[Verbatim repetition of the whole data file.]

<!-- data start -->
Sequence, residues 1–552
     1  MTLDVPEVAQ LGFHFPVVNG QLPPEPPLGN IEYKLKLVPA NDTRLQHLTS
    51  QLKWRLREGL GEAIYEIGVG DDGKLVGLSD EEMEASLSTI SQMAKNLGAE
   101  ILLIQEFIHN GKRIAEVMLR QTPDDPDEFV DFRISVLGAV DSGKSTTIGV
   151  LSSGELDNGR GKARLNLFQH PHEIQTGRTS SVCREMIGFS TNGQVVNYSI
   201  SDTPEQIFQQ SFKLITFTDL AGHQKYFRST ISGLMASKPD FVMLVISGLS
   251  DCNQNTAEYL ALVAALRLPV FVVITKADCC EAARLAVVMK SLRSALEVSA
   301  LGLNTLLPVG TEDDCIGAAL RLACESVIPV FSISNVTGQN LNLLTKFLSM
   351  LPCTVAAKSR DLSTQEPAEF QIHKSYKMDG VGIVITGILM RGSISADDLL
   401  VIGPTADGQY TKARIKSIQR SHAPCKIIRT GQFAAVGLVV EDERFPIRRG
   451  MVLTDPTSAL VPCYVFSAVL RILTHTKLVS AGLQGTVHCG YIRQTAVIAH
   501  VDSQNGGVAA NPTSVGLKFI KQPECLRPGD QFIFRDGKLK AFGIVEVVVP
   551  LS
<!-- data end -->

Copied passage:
Sequence, residues 1–552
     1  MTLDVPEVAQ LGFHFPVVNG QLPPEPPLGN IEYKLKLVPA NDTRLQHLTS
    51  QLKWRLREGL GEAIYEIGVG DDGKLVGLSD EEMEASLSTI SQMAKNLGAE
   101  ILLIQEFIHN GKRIAEVMLR QTPDDPDEFV DFRISVLGAV DSGKSTTIGV
   151  LSSGELDNGR GKARLNLFQH PHEIQTGRTS SVCREMIGFS TNGQVVNYSI
   201  SDTPEQIFQQ SFKLITFTDL AGHQKYFRST ISGLMASKPD FVMLVISGLS
   251  DCNQNTAEYL ALVAALRLPV FVVITKADCC EAARLAVVMK SLRSALEVSA
   301  LGLNTLLPVG TEDDCIGAAL RLACESVIPV FSISNVTGQN LNLLTKFLSM
   351  LPCTVAAKSR DLSTQEPAEF QIHKSYKMDG VGIVITGILM RGSISADDLL
   401  VIGPTADGQY TKARIKSIQR SHAPCKIIRT GQFAAVGLVV EDERFPIRRG
   451  MVLTDPTSAL VPCYVFSAVL RILTHTKLVS AGLQGTVHCG YIRQTAVIAH
   501  VDSQNGGVAA NPTSVGLKFI KQPECLRPGD QFIFRDGKLK AFGIVEVVVP
   551  LS